Archive for the ‘Space’ Category

Talent crunch: ISRO plans space institute

February 27, 2007

Faced with a talent crunch, the Indian Space Research Organisation is contemplating setting up an institute to train techies.

In an interview to PTI, ISRO Chairman G Madhavan Nair acknowledged that with the booming IT sector absorbing young engineers with fat pay packets, other fields are facing the brunt.

“At one time, we used to get top-most people from various institutions. But today that situation does not exist. Even after going through all India tests, we are not able to get the numbers we want,” Nair said.

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ISRO to launch three weather satellites

February 15, 2007

India will get sharper eyes to track ravaging cyclones and forecast monsoon when the Indian Space Reserach Organisation (ISRO) launches the indigenously built INSAT-3D and Oceansat-2 satellites next year.

“The INSAT-3D satellite will be one of the three weather satellites that ISRO will launch in the next couple of years,” said Abhijit Sarkar, a scientist at the Space Applications Centre (SAC) of ISRO here.

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International Legal Regime for Peaceful Use of Space Needs to be Strengthened: India

February 7, 2007

The Union Minister of External Affairs, Shri Pranab Mukherjee today said that India is alive to the needs of its armed forces and the requirement to maintain significant defence and deterrence capabilities.

“Our annual defence budget is a modest 2.27% of our GDP, but aerospace power is an increasingly important area for allocations and Indian Air Force’s existing aircraft and helicopter fleets are being upgraded to considerably enhance IAF’s potential and reach. This fits in well with the defensive nature of our doctrine of credible minimum deterrence and our commitment to strategic technological autonomy”, Shri Mukherjee said while delivering the Inaugural Address at the International Seminar on ‘Aerospace Power in Tomorrow’s World’, organised as part of the platinum jubilee celebration of the Indian Air Force, here.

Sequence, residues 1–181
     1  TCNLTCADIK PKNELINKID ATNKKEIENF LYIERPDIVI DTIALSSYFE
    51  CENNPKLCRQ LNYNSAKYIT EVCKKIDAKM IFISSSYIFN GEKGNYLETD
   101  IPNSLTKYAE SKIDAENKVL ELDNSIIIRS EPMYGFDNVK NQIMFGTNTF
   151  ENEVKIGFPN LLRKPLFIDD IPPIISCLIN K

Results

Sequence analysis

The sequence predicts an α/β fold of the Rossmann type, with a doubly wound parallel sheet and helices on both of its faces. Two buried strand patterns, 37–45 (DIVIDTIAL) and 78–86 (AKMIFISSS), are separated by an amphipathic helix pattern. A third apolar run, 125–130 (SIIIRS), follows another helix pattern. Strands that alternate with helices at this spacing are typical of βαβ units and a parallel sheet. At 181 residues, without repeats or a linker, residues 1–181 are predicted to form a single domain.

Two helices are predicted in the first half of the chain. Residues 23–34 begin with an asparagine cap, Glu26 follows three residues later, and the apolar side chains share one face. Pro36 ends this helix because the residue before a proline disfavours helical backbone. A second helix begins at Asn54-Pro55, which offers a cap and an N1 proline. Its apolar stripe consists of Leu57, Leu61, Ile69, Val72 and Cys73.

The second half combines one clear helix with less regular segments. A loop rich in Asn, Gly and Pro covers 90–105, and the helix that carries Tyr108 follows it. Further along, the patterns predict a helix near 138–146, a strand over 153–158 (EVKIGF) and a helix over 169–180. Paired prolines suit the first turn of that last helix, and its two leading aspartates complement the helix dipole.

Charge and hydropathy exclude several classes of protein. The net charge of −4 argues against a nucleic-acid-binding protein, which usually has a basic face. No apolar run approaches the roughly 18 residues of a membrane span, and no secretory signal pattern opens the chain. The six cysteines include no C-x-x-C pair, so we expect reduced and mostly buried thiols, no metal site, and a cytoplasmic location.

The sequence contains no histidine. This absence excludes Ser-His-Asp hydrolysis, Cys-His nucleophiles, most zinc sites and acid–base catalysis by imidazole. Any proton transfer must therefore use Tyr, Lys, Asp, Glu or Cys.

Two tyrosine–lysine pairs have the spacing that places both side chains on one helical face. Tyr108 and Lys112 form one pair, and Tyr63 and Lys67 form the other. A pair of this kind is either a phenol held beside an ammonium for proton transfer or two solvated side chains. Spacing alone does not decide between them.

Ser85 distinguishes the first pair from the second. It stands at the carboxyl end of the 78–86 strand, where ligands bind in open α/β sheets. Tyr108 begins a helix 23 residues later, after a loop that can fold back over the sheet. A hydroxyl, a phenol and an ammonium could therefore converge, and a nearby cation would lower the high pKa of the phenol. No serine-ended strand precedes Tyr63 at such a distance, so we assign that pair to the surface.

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Manned mission no more a fantasy now

February 7, 2007

Forty four years after it began, 32 years after the country’s first satellite Aryabhatta was built and 27 years after it first put a satellite—Rohini RS1—into orbit indigenously, Indian space programme achieved yet another significant milestone on January 22, 2007. On that day, for the first time, the Indian Space Research Organisation (ISRO) brought an object in space, safely back to Earth.

The success of the Space Recovery Capsule Experiment (SRE-1) takes India one-step closer to its objective of playing a greater role in space exploration and more importantly, in the global satellite launch business.

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Indian lunar mission unlikely before 2016

January 26, 2007

India has ruled out a manned flight to the Moon in the near future. Although a plan for missions to low-Earth orbit and the Moon was endorsed in November by the Indian Space Research Organisation (ISRO), the space agency’s leadership cautions it will take several years to achieve.

ISRO chairman G Madhavan Nair says: “It is a long way to go, since a lot of technology is involved. [The preliminary study will] be followed by a detailed study, which will be out in one year.” It would be at least eight to 10 years before a launch took place, he says, once government approval was obtained.

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Reusable launch vehicle puts India in `G4`

January 26, 2007

Russia, US and China other countries with capability.

The successful recovery of the Space Capsule Recovery Experiment (SRE-1) satellite has brought India closer to a select group of nations that have the capability to bring an orbiting spacecraft back to earth.